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Biographical Notice





The following little Narrative, a large impression of which was sold, when its author was unknown, has now additional claims on the public, as being the production of the Rev. ROBERT POLLOK, the author of the justly celebrated poem, THE COURSE OF Time. The untimely death of this highly gifted man, who fell a victim to disease last summer, in the flower of his youth, after he had finished a work which has given him claims to immortality, and afforded indications of a genius, which, had he lived, would


have still farther increased his reputation in the literary world, has excited an interest in the public mind, not less merited than the sympathy which is connected with his name. And it is honorable to his countrymen that they have appreciated his merit, though he himself lived not to receive their applause; and it is no less consoling to his friends to know, that he has not died unlamented, "unnoticed and unknown."

It would have been desirable had we been able to prefix to this little work a regular biographical notice of Mr. Pollok's life. Circumstances, however, render this for the present impossible; but it is a want which we may be enabled to supply in a future edition. In the meantime we may observe, that Mr. Pollok was born at Eaglesham, Ayreshire, in the year 1799. He had the happiness to have parents who, while engaged in agricultural occupations, adorn their profession by their worth and respectability. In the romantic scenes of his native district, which he himself so beautifully

describes in his splendid poem, he first caught the inspiration of the muse. Beholding nature with the eye of an enthusiast from his earliest years, the associations of time and place arose before him, and his brilliant imagination enabled him to observe and to impress on his mind nature's matchless works. While in boyhood, he possessed the reflection of mature years; and he lived not in the frivolities of youth, but in the cultivation of those mental powers which were to raise him to eminence as a man of talent and a poet.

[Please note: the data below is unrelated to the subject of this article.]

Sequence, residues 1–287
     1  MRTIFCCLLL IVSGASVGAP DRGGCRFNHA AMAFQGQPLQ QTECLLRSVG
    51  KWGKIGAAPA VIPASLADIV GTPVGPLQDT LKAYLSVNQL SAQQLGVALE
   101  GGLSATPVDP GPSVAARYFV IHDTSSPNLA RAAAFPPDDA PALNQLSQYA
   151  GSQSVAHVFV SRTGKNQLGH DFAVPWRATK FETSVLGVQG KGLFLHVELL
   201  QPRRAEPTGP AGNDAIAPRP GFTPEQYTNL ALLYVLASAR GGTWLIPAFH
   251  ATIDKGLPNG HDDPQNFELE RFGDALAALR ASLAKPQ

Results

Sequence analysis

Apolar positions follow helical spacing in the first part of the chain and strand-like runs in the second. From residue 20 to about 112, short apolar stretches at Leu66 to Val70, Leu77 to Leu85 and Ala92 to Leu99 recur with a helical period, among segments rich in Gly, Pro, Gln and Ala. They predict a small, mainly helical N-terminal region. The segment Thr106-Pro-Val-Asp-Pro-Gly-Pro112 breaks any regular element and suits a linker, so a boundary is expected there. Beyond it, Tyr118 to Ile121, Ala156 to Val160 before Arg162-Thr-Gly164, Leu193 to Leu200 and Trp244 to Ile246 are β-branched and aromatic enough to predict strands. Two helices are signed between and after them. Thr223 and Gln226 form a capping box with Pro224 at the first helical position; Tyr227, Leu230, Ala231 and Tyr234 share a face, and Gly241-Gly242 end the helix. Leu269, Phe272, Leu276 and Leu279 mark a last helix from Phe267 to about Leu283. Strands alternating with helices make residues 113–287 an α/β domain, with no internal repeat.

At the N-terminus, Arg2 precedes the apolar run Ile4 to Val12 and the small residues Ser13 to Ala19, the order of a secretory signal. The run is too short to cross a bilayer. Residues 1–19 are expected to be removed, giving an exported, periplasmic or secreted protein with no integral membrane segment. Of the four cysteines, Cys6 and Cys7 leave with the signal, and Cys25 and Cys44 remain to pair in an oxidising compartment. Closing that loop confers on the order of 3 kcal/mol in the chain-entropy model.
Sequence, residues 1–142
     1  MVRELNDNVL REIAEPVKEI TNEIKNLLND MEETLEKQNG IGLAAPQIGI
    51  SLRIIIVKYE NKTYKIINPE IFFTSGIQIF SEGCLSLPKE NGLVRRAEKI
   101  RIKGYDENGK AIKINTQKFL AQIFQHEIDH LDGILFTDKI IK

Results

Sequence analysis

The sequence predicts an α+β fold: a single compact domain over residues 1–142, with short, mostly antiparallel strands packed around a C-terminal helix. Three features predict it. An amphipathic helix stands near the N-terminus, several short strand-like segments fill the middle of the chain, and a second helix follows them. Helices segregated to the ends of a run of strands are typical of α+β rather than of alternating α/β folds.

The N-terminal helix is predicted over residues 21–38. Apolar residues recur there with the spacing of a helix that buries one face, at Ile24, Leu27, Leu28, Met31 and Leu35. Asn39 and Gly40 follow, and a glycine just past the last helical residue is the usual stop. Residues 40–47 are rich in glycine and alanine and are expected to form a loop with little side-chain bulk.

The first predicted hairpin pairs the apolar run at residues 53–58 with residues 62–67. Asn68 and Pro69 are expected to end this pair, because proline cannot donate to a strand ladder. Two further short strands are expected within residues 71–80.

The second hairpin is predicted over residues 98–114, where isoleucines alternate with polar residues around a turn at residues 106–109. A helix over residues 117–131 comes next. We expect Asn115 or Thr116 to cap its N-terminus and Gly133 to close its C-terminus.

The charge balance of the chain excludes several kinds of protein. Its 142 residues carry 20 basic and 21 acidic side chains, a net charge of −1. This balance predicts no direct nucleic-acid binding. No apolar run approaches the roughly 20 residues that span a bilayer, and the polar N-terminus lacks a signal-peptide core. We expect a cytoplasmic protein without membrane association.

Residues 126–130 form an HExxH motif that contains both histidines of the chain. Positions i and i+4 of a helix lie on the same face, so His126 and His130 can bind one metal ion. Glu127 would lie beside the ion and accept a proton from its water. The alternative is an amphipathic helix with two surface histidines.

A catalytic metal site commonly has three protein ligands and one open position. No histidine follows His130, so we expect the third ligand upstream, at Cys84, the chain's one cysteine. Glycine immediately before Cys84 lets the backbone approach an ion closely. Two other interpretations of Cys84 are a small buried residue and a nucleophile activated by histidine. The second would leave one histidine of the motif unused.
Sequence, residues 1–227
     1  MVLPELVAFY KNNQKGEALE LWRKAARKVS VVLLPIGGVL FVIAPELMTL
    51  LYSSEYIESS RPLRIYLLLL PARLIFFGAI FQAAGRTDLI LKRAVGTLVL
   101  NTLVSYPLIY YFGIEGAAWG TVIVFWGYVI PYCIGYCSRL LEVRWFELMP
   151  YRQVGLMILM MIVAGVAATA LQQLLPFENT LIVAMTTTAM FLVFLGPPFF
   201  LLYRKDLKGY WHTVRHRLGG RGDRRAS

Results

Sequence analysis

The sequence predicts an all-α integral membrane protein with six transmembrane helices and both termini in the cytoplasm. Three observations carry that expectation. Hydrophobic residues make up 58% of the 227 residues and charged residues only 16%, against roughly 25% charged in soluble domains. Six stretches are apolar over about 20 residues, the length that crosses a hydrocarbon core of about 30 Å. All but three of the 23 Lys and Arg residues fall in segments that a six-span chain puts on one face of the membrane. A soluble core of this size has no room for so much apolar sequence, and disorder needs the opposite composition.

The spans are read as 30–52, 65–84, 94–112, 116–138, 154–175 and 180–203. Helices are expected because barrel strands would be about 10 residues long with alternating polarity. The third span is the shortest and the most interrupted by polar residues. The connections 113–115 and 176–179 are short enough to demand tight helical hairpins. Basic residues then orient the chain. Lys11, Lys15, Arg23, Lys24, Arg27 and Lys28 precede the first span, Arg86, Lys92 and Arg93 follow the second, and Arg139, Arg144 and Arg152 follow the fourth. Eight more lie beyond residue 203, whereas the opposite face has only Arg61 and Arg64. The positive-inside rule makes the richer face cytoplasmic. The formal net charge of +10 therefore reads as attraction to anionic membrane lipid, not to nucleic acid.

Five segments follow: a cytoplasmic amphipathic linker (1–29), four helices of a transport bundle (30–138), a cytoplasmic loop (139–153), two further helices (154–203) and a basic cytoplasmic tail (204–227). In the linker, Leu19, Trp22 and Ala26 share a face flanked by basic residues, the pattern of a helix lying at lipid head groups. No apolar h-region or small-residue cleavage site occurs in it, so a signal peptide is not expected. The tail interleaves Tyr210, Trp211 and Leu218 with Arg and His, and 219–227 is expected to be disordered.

Mr. Pollok was educated at the University of Glasgow; and after a regular philosophical course in that distinguished seminary, he took his degree of Master of Arts. While attending the University, though perhaps he did not make that brilliant display which ensures for many students the ephemeral honors of a day, he stood high in the estimation of his teachers, and took his place among the most distinguished of his fellowstudents. His views were directed to the

church, and especially to that portion of it, the United Secession Church, in which he had been educated, and of which his relations were members. Accordingly, he became a student of theology in the seminary of that numerous body, under the Rev. Dr. Dick of Glasgow. But while he thus looked forward to the ministry of his own communion, he also attended the theological lectures of the Established Church in the University of Glasgow, under the excellent and amiable professor, Dr. Macgill. His prescribed discourses in the divinity hall invariably secured for him the approbation of his teacher; and after the usual attendance of five years, in the spring of 1827, he was admitted by the United Associate Presbytery of Edinburgh, a licentiate of the Secession Church, along with a brother, who is at present employed in fulfilling the appointments of the Synod.

The first public discourse which Mr. Pollok delivered, after becoming a licentiate, was in Rose Street chapel, Edinburgh,

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